Feeds

Universe has more hydrogen than we thought

‘Undark’ matter hidden in plain view

Bridging the IT gap between rising business demands and ageing tools

A re-analysis of radio telescope observations from three countries has yielded a surprising result: nearby galaxies harbour one-third more hydrogen than had previously been estimated.

While nothing like enough matter to solve physics’ “dark matter” problem, the work by CSIRO astronomer Dr Robert Braun (chief scientist at the agency’s Astronomy and Space Science division in Sydney) also helps explain why the rate of star formation has slowed down. While there’s more hydrogen than astronomers had thought, its distribution makes star formation more difficult.

Andromeda – the galaxy headed for a catastrophic collision with our own in about four billion years – provided the clue for Dr Braun. SpaceRef says he was piqued by “gaps” in the 21-cm radio signal that suggested absorption of the radiation neutral hydrogen gas (tagged HI in astronomy) would normally have emitted.

This, he says, suggests self-absorption of the radiation – glowing gases emit a 21-cm signal, but it’s absorbed by cooler gas in front of it (from our point of view). Researchers have tended to ignore self-absorption in formulating their estimates of hydrogen mass, Dr Braun said.

By taking self-absorption into account, Dr Braun says, his measurements reveal small but massive clouds of HI in all of the galaxies he analyzed – M31, M33 and the Large Magellanic Cloud – sufficient to add between 30 percent and 36 percent to the galactic mass estimates.

The research also shows there’s less HI available in galactic haloes than there was 12 billion years ago – which helps explain why the rate of star formation is so much slower in the modern universe; the haloes act as the reservoirs that re-fuel star formation.

Dr Braun notes that “Although there’s more atomic hydrogen than we thought, it’s not big enough to solve the Dark Matter problem. If what we are missing had the weight of a large kangaroo, what we have found would have the weight of a small echidna.”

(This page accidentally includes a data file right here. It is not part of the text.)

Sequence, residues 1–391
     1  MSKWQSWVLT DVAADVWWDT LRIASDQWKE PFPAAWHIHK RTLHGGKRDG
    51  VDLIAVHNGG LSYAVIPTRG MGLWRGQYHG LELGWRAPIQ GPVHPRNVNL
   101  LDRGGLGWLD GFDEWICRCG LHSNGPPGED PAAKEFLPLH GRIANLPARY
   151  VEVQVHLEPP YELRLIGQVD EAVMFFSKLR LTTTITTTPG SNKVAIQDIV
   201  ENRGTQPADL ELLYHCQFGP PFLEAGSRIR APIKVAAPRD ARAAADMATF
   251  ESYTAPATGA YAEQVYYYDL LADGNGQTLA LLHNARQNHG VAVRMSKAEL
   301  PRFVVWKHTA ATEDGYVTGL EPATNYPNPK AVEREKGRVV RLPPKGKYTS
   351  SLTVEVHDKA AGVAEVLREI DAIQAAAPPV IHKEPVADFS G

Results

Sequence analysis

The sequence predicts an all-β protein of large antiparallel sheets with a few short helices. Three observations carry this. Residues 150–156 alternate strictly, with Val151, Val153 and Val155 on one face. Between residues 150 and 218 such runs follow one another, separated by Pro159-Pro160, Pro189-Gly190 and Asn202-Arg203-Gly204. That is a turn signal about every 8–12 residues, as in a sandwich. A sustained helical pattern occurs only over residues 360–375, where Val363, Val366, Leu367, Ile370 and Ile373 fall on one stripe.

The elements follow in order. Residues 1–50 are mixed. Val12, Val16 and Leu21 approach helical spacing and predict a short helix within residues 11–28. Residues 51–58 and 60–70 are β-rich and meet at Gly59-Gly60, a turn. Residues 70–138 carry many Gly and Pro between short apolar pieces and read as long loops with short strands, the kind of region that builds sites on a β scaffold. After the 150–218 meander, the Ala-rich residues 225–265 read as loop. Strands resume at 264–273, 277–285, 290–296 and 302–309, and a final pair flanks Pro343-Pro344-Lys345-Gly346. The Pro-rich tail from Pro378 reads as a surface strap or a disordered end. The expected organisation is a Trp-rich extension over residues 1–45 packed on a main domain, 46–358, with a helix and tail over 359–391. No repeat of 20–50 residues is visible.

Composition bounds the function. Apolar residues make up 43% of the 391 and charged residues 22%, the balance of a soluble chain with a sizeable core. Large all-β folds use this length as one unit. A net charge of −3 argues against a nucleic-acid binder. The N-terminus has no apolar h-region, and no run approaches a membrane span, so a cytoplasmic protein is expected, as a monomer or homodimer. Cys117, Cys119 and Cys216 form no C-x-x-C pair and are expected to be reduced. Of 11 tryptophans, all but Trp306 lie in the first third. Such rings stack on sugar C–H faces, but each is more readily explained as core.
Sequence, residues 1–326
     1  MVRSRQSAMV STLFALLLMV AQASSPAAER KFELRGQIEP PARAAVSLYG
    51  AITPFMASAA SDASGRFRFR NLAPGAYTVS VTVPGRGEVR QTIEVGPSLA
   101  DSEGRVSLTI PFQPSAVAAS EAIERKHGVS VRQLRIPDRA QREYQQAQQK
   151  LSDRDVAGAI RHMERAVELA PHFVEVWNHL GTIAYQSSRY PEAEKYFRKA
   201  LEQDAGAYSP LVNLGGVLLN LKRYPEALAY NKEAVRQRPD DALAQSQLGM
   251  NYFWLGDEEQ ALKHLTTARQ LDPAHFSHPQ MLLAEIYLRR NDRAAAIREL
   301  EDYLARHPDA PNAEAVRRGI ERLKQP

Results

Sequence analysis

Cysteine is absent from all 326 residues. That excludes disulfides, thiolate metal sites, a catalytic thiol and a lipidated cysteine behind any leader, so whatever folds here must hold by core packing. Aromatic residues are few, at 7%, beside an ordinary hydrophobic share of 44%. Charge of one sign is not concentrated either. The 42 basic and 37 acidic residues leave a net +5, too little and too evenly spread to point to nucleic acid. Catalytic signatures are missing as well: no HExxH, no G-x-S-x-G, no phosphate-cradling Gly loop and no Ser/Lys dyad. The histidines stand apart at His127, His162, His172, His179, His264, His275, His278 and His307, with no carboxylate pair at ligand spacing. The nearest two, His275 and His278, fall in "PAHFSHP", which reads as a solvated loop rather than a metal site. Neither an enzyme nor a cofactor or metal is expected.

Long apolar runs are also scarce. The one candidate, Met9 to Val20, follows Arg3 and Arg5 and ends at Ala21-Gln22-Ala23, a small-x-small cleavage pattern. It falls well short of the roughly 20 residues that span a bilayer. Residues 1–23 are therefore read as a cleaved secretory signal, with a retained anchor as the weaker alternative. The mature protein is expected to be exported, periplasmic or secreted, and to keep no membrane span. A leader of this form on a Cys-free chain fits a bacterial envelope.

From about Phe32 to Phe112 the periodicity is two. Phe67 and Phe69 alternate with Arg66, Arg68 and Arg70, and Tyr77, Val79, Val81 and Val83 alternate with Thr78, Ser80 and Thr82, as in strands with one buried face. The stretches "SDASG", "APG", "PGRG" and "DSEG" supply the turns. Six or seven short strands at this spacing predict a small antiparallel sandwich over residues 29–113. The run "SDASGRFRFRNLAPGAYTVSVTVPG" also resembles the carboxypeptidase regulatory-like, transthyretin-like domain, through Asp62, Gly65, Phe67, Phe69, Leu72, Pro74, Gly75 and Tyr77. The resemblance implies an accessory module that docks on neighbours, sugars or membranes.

As new instruments like the Square Kilometer Array are brought into service, Dr Braun says similar measurements can be made of more distant galaxies. The 50-light-year resolution that Australia’s Parkes Radio Telescope provided for the Large Magellanic Cloud isn’t sufficient for distant galaxies, he said.

However, the current study will feed into a sky survey to be undertaken by Australia’s Square Kilometer Array Pathfinder telescope in Western Australia. The FLASH (first Large Absorption Survey in HI) survey will use background radio continuum sources to identify and characterize neutral hydrogen in the foreground, and increase the accuracy of our measurement of HI absorption lines. ®

Mobile application security vulnerability report

More from The Register

next story
Malaysian Airlines flight MH17 claimed lives of HIV/AIDS cure scientists
Researchers, advocates, health workers among those on shot-down plane
Mwa-ha-ha-ha! Eccentric billionaire Musk gets his PRIVATE SPACEPORT
In the Lone Star State, perhaps appropriately enough
All those new '5G standards'? Here's the science they rely on
Radio professor tells us how wireless will get faster in the real world
The Sun took a day off last week and made NO sunspots
Someone needs to get that lazy star cooking again before things get cold around here
Boffins discuss AI space program at hush-hush IARPA confab
IBM, MIT, plenty of others invited to fill Uncle Sam's spy toolchest, but where's Google?
Microsoft's anti-bug breakthrough: Wire devs to BRAIN SCANNERS
Clippy: It looks your hands are shaking, are you sure you want to commit this code?
prev story

Whitepapers

Designing a Defense for Mobile Applications
Learn about the various considerations for defending mobile applications - from the application architecture itself to the myriad testing technologies.
How modern custom applications can spur business growth
Learn how to create, deploy and manage custom applications without consuming or expanding the need for scarce, expensive IT resources.
Reducing security risks from open source software
Follow a few strategies and your organization can gain the full benefits of open source and the cloud without compromising the security of your applications.
Boost IT visibility and business value
How building a great service catalog relieves pressure points and demonstrates the value of IT service management.
Consolidation: the foundation for IT and business transformation
In this whitepaper learn how effective consolidation of IT and business resources can enable multiple, meaningful business benefits.